Tuesday, April 5, 2011


                                      I Walk the Line.   
        This octogenarian’s  blog has missed several days—and the reason is contained in the first words of Johnny Cash’s song “I Walk the Line.”  If I were tailoring it to my health experience the last several days, it would run:  “I keep a close watch on this heart of mine/ Along with kidney function all the time…” The diagnosis found sounds deadly—heart failure, worsening kidney health--but it need not be.   The knack of this game is to learn to recognize the symptoms before they get too bad.    This time I did—and by the time I was released from the hospital after a five-day stay, two echo chambers of the heart…ultra-sound photos, really… showed improvement and the statistics on the kidneys have marginally bettered.   The yardstick of degeneration of my kidneys is something I have long known:  On a scale of one to five….one being perfect and five requiring dialysis….mine is rated four. The goal is to keep the needle from edging to five. 
      I told my cardiologist I always thought heart failure was just that—not capable of  showing improvement.  But I was wrong.  A heart can show improvement in muscle strength.  The same with kidneys.  They can gain strength with doses of iron conveyed via shots. Heart failure and kidney failure are connected.
      Because of heart failure, your heart pumps less blood than normal to the lungs and rest of the body—which causes the kidneys and other organs to be deprived of the oxygen-rich blood they require.   When the kidneys don’t work right fluid backs up in the lungs and throughout the body.  I found my feet were swelling up and getting sore because, I was informed, of gout.  Rapid weight gain shows fluid is backing up in your body: gaining two or more pounds in a day or five more pounds in a week are signs of worsening heart failure.   Shortness of breath is caused by fluid backing up into the lungs.   Fatigue occurs when your body doesn’t get enough blood.  All these things converged Thursday and a team of ace physicians and specialists worked on me until yesterday when they pronounced I was ready to go home.
          Good  news exploded like firecrackers.  The water went down noticeably in my legs due to medication.  I could breathe better and my lungs were adjudged fluid-free.   Weight decline…from 248 lbs. to 233… happened because of the water pills I was ingesting.   Fatigue was eroding and lying abed I was planning in my mind how to write this and accomplish all the other writing projects I have stored up.   Can I accomplish all I want before the Great Timekeeper raps His knuckles on the bar and says, “Gentlemen, it’s closing time”?       I get tired more easily now. That may improve: I hope it does.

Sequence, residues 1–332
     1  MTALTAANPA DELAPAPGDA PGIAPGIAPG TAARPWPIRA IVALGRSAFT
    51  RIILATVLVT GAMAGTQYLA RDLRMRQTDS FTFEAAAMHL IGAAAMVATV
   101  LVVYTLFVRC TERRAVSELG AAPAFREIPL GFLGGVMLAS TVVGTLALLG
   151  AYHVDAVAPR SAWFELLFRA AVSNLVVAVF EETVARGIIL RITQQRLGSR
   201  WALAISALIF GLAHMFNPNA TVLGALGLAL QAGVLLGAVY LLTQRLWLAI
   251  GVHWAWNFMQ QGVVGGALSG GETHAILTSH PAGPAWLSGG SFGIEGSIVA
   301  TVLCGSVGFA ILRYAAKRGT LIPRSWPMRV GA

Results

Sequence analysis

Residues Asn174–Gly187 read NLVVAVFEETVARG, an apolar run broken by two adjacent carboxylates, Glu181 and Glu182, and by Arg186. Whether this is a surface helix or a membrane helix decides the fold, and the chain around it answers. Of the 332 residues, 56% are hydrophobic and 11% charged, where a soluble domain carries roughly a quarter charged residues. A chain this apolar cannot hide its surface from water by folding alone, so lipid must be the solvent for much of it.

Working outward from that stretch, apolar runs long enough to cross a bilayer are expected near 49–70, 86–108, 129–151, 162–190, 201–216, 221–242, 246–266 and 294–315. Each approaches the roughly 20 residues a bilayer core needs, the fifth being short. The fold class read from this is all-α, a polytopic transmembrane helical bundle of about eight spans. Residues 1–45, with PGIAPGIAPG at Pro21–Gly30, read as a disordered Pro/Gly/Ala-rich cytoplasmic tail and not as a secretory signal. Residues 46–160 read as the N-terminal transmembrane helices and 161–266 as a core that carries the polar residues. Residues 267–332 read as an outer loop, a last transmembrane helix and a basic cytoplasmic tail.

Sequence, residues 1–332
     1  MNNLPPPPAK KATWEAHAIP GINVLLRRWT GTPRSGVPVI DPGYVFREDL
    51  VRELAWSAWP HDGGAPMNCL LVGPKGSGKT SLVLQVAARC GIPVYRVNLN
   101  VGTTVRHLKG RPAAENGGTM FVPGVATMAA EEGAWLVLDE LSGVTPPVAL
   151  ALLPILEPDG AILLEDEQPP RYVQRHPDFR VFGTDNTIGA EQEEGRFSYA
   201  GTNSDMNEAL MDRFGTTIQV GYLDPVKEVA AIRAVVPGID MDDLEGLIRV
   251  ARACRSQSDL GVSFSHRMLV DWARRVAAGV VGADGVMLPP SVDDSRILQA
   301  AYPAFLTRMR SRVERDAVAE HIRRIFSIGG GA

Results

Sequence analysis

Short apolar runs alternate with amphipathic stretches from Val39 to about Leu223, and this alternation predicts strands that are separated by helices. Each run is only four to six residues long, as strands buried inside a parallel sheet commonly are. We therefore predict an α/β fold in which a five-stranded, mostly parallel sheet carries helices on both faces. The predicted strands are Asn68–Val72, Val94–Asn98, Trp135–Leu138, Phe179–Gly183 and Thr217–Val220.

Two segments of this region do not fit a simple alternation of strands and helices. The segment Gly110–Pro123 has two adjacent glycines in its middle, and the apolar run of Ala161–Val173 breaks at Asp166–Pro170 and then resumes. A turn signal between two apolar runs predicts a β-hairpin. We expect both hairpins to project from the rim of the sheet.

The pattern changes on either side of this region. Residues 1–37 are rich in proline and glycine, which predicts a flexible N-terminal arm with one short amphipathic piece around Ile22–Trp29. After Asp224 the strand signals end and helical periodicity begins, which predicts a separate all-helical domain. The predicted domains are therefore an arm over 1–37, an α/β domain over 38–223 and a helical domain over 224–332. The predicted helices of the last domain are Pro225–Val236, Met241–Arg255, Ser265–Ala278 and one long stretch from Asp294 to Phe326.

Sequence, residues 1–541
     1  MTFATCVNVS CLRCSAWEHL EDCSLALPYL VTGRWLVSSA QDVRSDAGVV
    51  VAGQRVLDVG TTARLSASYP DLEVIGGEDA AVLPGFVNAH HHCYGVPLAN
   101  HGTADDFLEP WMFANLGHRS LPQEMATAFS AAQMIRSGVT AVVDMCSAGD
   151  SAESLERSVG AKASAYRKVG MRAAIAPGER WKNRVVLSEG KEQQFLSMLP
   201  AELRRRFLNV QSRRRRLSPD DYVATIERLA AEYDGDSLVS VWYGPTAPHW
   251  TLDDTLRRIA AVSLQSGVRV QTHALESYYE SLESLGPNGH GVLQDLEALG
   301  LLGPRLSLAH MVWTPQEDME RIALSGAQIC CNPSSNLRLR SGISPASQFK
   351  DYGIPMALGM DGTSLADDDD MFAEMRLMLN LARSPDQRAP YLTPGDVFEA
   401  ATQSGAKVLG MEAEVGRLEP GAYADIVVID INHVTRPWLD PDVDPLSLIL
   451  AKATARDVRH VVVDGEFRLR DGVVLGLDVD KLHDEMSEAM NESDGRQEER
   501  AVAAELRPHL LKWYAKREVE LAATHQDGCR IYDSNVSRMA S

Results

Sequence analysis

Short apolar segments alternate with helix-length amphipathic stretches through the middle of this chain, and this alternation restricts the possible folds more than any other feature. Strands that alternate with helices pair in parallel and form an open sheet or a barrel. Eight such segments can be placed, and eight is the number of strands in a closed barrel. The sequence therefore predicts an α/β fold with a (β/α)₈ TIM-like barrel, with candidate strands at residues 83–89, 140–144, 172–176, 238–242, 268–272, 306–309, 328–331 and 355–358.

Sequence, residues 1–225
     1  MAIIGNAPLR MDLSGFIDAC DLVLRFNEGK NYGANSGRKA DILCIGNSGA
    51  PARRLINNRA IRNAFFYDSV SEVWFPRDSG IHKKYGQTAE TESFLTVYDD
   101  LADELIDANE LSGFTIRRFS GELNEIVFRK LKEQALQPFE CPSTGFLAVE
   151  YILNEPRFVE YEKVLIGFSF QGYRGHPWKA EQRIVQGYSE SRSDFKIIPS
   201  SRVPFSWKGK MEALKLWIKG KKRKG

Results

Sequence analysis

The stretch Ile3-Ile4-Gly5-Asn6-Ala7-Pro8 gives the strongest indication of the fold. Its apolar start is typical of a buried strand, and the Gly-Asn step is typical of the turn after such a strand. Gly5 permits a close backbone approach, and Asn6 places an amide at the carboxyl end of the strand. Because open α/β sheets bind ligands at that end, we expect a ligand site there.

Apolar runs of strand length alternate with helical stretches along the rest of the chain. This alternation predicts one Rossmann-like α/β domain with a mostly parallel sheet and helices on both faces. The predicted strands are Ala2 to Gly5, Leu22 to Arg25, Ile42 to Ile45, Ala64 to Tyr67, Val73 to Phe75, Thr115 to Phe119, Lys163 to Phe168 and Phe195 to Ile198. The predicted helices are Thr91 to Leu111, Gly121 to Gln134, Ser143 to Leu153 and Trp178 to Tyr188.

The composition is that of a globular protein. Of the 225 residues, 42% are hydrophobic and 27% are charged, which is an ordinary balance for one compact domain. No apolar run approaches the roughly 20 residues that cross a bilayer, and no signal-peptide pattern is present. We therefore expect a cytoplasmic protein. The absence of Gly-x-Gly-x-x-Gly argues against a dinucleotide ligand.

The projects intrigue me as if I were still young. In addition to the weekly radio show (which regrettably I had to miss Sunday; the last two weeks were due to preemption) and weekly Wanderer columns for the oldest national Catholic weekly in America—a paper of enduring value to the Church since it masterfully weaves theology and natural law philosophy,  I have long been planning an autobiography….a family history entitled Listen, My Children…about  our early days, including snippets of the Germanic-Irish of my own heritage and the English side of Lil’s—for our four kids, thirteen grandchildren and—huzza! —the forthcoming arrival of our first great-grandchild later in the year.     The writing is partially finished and has been run in years past as a feature here under the title “Flashback.”
     To make this self-imposed “deadline”—ominous significance in that word-- I may  have to cut back on the 5-day-a-week nature of the blog to sort out the stories for the book and dress them up for publication. I will never quit the radio show; it keeps me in the news loop.
     Another project:  I’ve given thought to writing a play about a long-forgotten but still massively important historic figure in France and have the ideal actor to play him.   As  I tossed in my hospital bed I was trying to flesh out the script—very complicated but just the thing to keep an old man busy and not too concerned about his heart and kidneys.
        So this explains where I have been when you found me missing from these pages.   Indeed you may find me missing some days in the future—but let’s stay connected as I work this out.  


  1. Hang in there Tom! We need you! Take care.

  2. Praying for you God isn't finished with you yet.

  3. He walks through the jungle tearing limbs offa Trees!

    He's hell when he's well and he ain't never been sick!